Why Obama Institutionalized the Iraq and Afghanistan Wars

The war in Afghanistan has now gone on for nine full years with no clear end, other than a self-imposed summer 2011 deadline from which the administration has been back pedaling almost since it was set, in sight. Similarly, the end-again-of combat operations in Iraq has left 50,000 American troops there with no clear indication of when they will come home. Ironically, a president whose campaign was initially made possible by substantial support from the anti-war movement, will be responsible not for ending the two wars that he inherited, but for institutionalizing them.

It is not altogether fair to blame President Obama for this. The wars in Iraq and Afghanistan both raised genuinely vexing problems for the new administration.While it remains possible that the best of a range of bad options would have been to end both wars and bring almost all the troops home right away, it is far from obvious that this was the right choice or one that was seriously considered by the administration; nor did Obama have any really good options in either Afghanistan or Iraq.

Institutionalizing these wars grew out of a recognition that an approach that sought to simply win both these wars and then get out would have been neither realistic nor relevant to the current situation, but it also reflected a concern ,or even fear, about what would have happened if the U.S. had simply walked away from Afghanistan and Iraq and brought the troops home. However, seeking to craft a policy that reflected both these views resulted in an outcome, the real possibility of a more or less permanent American presence in both these countries, which is neither wise nor sustainable.

American politics have been particularly rancorous in recent years. There is wide disagreement, particularly on domestic issues, but it is hard to believe that anybody from Obama’s left wing critics to Tea Partiers, or anywhere in between wants to see the U.S. involved indefinitely in two wars where the end isn’t really the end, where deadlines for withdrawal are not taken seriously and where neither the goals nor the timetables are clear, but this is precisely where the U.S. now finds itself. The compromise solution which the Obama administration sought to achieve in both Iraq and Afghanistan has created longer term commitments and problems for the U.S. in both countries while not decisively resolving anything.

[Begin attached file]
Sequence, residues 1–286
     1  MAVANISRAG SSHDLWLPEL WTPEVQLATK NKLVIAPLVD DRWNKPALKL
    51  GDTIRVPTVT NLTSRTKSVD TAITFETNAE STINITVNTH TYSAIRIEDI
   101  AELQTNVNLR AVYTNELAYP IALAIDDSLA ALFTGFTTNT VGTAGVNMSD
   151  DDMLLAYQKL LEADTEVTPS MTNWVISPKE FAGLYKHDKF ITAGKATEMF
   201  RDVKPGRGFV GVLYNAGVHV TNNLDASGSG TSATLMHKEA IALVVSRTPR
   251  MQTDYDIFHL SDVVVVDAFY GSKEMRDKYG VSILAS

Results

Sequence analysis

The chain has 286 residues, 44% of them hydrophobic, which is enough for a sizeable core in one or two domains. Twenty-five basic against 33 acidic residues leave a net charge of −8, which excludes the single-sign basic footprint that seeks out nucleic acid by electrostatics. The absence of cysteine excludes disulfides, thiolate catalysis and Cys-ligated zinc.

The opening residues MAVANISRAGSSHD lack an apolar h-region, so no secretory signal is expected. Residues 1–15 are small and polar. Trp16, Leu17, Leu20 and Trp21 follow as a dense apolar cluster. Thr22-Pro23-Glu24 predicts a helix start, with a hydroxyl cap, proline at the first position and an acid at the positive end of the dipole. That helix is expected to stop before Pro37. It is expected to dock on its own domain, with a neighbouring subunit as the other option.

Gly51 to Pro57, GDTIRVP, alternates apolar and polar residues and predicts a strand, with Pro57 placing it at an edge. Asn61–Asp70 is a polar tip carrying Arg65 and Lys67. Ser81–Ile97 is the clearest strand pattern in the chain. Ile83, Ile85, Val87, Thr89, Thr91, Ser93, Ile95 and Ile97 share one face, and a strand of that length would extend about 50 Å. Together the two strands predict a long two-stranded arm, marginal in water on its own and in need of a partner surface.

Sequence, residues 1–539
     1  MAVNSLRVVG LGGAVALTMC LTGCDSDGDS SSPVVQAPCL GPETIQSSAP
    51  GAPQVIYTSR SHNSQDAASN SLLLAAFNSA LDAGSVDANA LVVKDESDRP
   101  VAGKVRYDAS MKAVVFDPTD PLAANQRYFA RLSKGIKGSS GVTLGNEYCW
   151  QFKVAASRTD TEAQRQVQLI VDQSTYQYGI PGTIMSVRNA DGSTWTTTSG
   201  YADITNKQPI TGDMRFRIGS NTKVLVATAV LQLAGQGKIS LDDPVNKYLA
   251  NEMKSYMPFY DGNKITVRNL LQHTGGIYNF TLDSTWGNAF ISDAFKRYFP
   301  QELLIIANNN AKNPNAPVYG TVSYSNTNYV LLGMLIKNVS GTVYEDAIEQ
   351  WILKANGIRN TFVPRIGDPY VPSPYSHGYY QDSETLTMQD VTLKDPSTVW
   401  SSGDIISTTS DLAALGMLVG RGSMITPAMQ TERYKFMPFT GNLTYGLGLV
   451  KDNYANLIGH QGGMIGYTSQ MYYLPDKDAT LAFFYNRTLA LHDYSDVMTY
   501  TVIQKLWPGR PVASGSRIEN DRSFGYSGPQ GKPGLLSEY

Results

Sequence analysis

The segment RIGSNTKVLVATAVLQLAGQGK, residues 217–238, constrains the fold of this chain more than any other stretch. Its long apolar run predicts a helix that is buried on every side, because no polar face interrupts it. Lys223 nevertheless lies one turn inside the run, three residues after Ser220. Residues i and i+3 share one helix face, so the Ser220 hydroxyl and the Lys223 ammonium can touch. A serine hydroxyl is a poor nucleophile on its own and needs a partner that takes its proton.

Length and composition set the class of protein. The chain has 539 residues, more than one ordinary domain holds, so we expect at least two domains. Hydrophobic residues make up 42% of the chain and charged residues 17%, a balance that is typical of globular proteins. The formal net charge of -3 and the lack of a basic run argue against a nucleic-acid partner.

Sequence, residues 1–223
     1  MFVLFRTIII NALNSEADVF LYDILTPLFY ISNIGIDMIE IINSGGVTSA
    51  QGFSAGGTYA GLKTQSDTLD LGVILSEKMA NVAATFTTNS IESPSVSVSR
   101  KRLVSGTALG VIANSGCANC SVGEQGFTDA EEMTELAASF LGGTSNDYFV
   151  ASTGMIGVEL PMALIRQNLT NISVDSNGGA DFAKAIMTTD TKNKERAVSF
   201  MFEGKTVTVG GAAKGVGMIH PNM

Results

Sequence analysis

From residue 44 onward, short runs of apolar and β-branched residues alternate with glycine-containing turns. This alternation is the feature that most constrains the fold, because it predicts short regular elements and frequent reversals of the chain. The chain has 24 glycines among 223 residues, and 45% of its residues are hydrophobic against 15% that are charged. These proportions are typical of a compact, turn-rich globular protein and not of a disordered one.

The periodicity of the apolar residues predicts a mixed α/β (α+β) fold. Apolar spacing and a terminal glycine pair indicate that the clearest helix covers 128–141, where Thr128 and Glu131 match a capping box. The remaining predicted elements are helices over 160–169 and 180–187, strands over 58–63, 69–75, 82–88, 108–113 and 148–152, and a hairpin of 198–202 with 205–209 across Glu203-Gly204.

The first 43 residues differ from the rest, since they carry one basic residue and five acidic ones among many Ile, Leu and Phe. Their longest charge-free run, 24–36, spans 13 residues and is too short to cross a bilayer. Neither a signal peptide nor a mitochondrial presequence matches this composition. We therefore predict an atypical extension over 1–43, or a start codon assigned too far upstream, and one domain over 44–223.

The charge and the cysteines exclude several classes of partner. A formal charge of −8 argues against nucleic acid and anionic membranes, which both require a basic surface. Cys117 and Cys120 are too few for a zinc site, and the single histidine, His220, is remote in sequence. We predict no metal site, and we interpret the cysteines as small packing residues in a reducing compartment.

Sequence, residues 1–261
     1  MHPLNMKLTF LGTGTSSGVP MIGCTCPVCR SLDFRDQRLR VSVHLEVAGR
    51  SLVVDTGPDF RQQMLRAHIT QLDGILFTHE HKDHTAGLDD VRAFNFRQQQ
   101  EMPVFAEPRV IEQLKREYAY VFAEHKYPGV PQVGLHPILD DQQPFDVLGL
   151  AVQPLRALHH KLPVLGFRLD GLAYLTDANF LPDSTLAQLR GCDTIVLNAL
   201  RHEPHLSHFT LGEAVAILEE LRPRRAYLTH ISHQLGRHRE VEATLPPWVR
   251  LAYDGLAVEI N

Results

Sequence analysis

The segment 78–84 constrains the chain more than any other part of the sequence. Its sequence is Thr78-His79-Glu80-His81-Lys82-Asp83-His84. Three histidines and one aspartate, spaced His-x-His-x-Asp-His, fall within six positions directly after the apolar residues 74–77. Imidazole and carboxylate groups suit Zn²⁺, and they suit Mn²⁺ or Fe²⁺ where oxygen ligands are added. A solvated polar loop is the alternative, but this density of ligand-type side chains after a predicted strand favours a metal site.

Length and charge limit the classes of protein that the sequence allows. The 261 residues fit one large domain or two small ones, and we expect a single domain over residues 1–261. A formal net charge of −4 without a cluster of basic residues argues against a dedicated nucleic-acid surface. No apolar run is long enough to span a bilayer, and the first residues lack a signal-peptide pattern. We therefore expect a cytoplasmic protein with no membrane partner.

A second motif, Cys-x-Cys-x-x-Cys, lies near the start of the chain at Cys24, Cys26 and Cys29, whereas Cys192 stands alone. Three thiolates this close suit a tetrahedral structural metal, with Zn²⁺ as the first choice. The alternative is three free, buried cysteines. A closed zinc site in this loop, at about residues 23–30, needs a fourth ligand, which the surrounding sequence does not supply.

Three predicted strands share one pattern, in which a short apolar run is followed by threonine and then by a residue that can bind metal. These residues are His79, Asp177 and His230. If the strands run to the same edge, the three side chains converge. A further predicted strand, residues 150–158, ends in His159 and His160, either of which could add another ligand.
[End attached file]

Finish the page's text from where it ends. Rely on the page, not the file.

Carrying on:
Obama not only inherited two difficult wars from his predecessor, but he took office at a time when the security challenges to the U.S. were more complex than ever, and when recrafting the U.S. role in the world was of particular import. American involvement in two seemingly endless wars, of course, precludes even any serious discussion about what America’s evolving role in the world should be. Repositioning the U.S., thinking differently about key global challenges, developing strategies for new problems such as climate change, restructuring global finance, or envisioning a U.S. foreign policy that is more modest is extremely difficult when the country is still fighting two wars.

By institutionalizing these wars, the administration has guaranteed that treasure, time and troops will continue to be dedicated to Afghanistan and Iraq for the foreseeable future, thus making it all but impossible to address the other major foreign policy questions facing the country. By the time these wars wind down, the U.S. role in the world may well have changed, but the U.S. will not have driven that process as is essential for our country’s future.